Captains Blog 18 Journey to the end of the earth, or Europe at least!

The weather was fine but with little wind the day we left Ayamonte for Mazagon.  We arrived early evening and tied alongside the bouncy visitor pontoon. It was spookily quiet so the decision was made to find and empty mooring and sneak on.

The following morning, we booked in with one poor bloke, juggling multiple balls. The town was a nice and once we’d explored, we headed for the beach. Yes, it was time for the annual beach visit. This 12 monthly nod to the first mate is an exercise in self-control for me. I get bored. Then start to fidget. Then start to torment before the fist mate loses her temper and we can pack up and do something more interesting. Result!

The journey between Mazagon and Chipiona was something of an endurance test. Not due to the winds that had built through the day and kicked up a rough sea state, but the endless lines of fishing pots made up of a single 5 litre plastic container, connected to dozens of 1.5 litre water bottles stretching away from it. You negotiated one, then were immediately trying to avoid the next line, which wasn’t easy to see.

We’d just got through the worst and were trying to make the best of the wind when the coastguard hailed us on the strange fangled wireless thing in the corner. He advised that we change course as we were heading towards shallows. I did as instructed and thanked him. We could see the grounded ship, broken in two and knew it was shallow there as it was shown on the chart, but thought it unwise not to heed the advice.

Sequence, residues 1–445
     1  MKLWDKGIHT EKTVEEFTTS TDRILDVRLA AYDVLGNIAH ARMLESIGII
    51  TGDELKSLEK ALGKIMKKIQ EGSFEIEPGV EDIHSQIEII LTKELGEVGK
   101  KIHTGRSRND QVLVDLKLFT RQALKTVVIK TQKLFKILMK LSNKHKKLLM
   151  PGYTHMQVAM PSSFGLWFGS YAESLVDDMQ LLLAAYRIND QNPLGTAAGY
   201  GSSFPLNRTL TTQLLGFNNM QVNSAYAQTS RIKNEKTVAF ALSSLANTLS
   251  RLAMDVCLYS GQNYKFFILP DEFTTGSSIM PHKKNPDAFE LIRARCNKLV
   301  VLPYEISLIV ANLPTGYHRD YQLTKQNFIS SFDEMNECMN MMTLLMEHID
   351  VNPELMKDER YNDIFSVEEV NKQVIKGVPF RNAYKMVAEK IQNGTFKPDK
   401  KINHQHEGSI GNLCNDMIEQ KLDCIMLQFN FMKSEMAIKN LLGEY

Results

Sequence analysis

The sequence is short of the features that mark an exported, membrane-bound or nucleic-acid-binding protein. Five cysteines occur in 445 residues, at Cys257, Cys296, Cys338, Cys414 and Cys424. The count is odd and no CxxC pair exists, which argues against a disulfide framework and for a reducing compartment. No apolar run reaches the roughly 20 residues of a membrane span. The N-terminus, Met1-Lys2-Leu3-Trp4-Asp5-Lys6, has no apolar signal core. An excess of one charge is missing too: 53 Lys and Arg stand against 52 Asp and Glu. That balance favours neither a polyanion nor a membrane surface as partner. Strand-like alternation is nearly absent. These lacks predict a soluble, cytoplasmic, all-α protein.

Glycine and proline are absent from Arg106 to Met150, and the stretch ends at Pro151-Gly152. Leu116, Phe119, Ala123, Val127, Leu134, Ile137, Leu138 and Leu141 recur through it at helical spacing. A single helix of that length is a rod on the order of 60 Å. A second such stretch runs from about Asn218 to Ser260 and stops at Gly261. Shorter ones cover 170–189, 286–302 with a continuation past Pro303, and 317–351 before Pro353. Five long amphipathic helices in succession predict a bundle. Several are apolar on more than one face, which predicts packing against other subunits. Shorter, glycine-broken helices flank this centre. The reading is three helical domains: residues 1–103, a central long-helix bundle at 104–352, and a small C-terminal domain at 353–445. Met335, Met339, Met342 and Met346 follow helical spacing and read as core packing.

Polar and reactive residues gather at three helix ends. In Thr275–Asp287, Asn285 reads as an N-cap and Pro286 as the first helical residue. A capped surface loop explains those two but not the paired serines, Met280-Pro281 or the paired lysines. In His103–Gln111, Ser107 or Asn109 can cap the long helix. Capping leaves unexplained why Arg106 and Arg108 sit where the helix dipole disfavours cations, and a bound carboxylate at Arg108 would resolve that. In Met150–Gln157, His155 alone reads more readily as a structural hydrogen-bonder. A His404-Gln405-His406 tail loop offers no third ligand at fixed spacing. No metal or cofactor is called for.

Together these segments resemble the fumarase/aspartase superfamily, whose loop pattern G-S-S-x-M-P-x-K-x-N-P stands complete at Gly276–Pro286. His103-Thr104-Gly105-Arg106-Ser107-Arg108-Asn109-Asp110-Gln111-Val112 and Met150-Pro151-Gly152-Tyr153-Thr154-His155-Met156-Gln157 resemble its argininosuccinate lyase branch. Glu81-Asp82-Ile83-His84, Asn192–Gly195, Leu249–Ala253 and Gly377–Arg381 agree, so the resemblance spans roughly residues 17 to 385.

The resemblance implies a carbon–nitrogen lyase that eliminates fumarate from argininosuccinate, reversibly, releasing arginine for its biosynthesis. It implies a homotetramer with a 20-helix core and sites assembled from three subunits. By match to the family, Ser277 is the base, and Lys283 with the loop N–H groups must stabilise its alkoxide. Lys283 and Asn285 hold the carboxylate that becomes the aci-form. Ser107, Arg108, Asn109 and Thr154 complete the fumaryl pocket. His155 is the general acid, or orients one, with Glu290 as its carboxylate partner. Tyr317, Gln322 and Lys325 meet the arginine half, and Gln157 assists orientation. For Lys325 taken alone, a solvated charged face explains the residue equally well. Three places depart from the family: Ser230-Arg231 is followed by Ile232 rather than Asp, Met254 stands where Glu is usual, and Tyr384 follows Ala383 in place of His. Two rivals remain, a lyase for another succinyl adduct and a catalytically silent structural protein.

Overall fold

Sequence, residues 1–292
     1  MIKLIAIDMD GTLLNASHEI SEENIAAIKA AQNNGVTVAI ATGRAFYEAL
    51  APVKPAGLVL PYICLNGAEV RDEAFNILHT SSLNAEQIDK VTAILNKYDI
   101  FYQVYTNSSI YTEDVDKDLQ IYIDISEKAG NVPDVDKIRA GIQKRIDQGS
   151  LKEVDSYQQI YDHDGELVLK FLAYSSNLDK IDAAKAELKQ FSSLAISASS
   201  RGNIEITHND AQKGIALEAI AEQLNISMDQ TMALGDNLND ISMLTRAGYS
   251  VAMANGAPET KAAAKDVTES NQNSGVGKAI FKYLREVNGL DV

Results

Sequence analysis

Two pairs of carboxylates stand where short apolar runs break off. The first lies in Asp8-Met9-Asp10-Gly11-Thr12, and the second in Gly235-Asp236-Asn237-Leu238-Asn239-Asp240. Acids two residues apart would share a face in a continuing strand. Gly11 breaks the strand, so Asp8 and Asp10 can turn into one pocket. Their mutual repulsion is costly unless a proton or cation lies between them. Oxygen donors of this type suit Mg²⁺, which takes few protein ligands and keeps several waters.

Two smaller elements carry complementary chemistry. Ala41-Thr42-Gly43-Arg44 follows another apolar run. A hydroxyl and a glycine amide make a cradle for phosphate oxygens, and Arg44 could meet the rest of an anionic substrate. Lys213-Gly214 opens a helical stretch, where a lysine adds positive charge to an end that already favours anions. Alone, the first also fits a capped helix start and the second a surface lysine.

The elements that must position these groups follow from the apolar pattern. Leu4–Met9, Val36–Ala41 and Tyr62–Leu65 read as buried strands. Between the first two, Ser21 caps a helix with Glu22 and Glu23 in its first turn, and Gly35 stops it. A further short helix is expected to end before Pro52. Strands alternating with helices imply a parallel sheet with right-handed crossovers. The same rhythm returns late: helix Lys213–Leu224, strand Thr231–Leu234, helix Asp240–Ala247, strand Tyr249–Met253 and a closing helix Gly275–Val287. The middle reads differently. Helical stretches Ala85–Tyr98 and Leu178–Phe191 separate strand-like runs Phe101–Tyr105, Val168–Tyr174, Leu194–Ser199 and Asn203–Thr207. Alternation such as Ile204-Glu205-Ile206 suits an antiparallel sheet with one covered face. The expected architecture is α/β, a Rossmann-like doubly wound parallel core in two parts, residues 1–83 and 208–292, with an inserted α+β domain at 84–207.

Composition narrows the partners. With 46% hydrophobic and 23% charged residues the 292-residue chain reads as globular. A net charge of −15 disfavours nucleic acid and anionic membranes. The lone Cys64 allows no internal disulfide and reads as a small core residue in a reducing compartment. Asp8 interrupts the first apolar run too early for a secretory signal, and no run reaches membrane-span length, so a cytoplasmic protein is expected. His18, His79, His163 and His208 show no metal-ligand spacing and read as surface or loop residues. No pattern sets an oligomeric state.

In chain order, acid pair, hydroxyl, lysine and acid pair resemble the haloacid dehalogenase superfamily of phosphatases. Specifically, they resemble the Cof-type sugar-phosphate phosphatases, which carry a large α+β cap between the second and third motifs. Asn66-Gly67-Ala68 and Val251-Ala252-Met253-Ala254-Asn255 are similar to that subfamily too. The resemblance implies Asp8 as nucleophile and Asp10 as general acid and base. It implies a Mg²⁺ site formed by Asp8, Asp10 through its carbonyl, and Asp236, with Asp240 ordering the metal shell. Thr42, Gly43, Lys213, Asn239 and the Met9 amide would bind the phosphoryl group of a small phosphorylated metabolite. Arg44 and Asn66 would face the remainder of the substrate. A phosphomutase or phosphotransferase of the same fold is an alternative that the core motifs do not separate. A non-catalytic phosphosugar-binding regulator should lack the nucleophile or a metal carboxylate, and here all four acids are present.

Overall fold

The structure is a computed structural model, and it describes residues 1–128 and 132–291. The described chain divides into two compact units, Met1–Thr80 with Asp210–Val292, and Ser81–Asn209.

Chipiona, probably a nice quiet place when there’s not a huge motorbike meet. It was reminiscent of Matlock on a Sunday in the summer, but on a bigger scale and a lot noisier.

We didn’t stay long and ended up having a fab sail down to Cadiz. It’s a lovely town with so much to see. That’s why the population explodes each day when the cruise liner passengers disembark. Is it one liner or possibly two? No! five massive cruise liners. Needless to say, negotiating the city could be a frustrating ordeal until after 6 when things quietened significantly, as the ships left.

It was a beautiful place and we’d have stayed longer but for the fact that we had a weather window to get down to and through the Gibraltar Straits and we needed to make the most of it.

We set off for Barbate on the 9th May and motor sailed the 41 nautical miles there. Just before Barbate is Cabo Trafalgar, scene of Nelsons famous victory over Napoleons combined French and Spanish fleet consisting of 33 vessels. It did make me wonder about the ships and men that went down there and what historical treasures were beneath Gianti.